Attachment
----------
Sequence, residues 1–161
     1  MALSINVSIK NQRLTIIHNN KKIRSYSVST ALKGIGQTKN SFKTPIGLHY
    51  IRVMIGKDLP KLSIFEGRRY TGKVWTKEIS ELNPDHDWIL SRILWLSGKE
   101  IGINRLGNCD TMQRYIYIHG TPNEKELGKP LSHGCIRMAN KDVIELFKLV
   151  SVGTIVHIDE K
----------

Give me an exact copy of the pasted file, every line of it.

Sequence, residues 1–161
     1  MALSINVSIK NQRLTIIHNN KKIRSYSVST ALKGIGQTKN SFKTPIGLHY
    51  IRVMIGKDLP KLSIFEGRRY TGKVWTKEIS ELNPDHDWIL SRILWLSGKE
   101  IGINRLGNCD TMQRYIYIHG TPNEKELGKP LSHGCIRMAN KDVIELFKLV
   151  SVGTIVHIDE K